For a long time, and especially since I became Plaid Cymru's shadow education minister in 2003, I had been aware of the serious concerns of education professionals, unions, governors and parents surrounding the complexity and the level of funding for our schools in Wales.
This complexity and lack of transparency had become justifiably known as a funding fog. I was frequently told by parents and teachers that the budget for a particular school simply did not match the cost of providing the education their children received, nor could they explain different budgets for schools of similar size, even neighbours in the same county.
In June 2005, I proposed the motion on behalf of Plaid Cymru which led to the setting up of this cross-party committee. The motion was bitterly opposed by the Labour Assembly government.
I remain grateful to the opposition parties and independent members for their support in defeating New Labour because, without that support, the committee's report would never have materialised.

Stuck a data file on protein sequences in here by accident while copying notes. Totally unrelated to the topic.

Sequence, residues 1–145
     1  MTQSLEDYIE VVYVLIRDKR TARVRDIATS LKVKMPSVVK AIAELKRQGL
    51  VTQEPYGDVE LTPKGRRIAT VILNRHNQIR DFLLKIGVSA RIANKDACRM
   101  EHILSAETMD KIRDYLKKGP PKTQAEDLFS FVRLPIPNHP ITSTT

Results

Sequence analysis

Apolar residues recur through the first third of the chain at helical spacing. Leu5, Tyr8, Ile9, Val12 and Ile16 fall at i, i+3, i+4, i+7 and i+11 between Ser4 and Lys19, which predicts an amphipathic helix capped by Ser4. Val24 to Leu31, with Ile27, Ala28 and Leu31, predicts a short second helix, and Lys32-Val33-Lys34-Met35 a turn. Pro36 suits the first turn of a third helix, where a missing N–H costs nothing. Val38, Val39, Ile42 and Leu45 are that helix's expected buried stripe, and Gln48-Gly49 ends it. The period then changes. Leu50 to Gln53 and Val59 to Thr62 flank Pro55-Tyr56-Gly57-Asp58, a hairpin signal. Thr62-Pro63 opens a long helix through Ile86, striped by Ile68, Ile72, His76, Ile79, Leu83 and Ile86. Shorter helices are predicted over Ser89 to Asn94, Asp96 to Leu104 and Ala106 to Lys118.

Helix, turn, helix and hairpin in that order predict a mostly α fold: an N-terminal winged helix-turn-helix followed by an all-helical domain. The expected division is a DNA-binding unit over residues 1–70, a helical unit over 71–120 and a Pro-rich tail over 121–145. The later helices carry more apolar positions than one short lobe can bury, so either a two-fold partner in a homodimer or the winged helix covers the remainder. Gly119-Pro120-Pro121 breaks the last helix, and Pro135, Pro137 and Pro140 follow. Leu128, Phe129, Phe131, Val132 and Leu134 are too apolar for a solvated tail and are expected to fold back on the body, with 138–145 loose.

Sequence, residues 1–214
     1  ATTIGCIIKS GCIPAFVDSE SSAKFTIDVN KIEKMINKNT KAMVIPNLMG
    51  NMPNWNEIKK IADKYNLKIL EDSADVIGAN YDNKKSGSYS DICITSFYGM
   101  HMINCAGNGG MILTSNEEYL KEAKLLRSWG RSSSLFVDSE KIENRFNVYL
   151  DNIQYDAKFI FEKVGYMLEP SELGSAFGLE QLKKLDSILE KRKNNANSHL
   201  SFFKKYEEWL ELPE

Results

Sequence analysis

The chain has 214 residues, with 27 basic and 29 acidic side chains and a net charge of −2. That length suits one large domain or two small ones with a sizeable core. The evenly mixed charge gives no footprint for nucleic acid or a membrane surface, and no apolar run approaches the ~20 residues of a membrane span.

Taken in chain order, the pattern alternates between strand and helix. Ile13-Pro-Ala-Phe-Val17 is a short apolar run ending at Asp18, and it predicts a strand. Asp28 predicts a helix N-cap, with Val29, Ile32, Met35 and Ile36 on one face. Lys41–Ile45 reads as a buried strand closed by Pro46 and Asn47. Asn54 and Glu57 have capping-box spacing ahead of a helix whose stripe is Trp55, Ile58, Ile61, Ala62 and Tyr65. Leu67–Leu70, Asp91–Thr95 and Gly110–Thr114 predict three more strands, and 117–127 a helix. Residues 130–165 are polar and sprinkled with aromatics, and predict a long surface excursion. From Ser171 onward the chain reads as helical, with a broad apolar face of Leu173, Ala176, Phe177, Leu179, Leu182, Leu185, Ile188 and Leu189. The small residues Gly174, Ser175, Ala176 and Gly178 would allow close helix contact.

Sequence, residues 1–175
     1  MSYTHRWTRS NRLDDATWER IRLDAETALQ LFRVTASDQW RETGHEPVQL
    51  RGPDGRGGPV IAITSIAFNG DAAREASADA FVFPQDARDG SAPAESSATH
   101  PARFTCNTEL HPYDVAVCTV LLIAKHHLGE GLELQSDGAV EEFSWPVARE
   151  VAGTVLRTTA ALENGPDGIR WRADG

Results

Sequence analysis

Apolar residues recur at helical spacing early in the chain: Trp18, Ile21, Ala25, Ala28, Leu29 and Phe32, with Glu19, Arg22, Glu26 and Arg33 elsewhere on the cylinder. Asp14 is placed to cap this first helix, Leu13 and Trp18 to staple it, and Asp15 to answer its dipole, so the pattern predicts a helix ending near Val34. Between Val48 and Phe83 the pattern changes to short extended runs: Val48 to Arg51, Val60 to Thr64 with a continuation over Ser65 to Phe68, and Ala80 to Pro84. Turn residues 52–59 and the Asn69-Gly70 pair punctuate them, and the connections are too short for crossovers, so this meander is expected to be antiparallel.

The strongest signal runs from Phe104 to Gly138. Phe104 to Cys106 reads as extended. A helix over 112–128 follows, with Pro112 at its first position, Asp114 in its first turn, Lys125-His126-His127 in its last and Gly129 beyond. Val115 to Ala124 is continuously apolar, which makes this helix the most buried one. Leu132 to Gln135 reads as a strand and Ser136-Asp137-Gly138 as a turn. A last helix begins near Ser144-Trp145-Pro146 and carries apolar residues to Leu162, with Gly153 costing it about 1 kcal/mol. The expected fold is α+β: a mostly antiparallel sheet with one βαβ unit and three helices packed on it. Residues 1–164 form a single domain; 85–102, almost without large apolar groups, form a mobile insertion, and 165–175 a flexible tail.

The welcome the report has subsequently received from the education community underlines the fact that, despite New Labour's objections, Plaid identified the major problems.
The government will be responding officially in September, and I am encouraged by the supportive tone of the minister's comments so far. The challenge remains, however, for our recommendations to be turned into guidance and law.
The recommendations, if taken up in full, will mean that the money a school receives will be more properly calculated to cover the true cost of providing the education our children deserve.
Janet Ryder AM Shadow Minister for Education, Lifelong Learning and Skills National Assembly, Cardiff Write to TES Cymru, Sophia House, 28 Cathedral Road, Cardiff CF11 9LJ.
Email email@example.com. Fax 029 2066 0207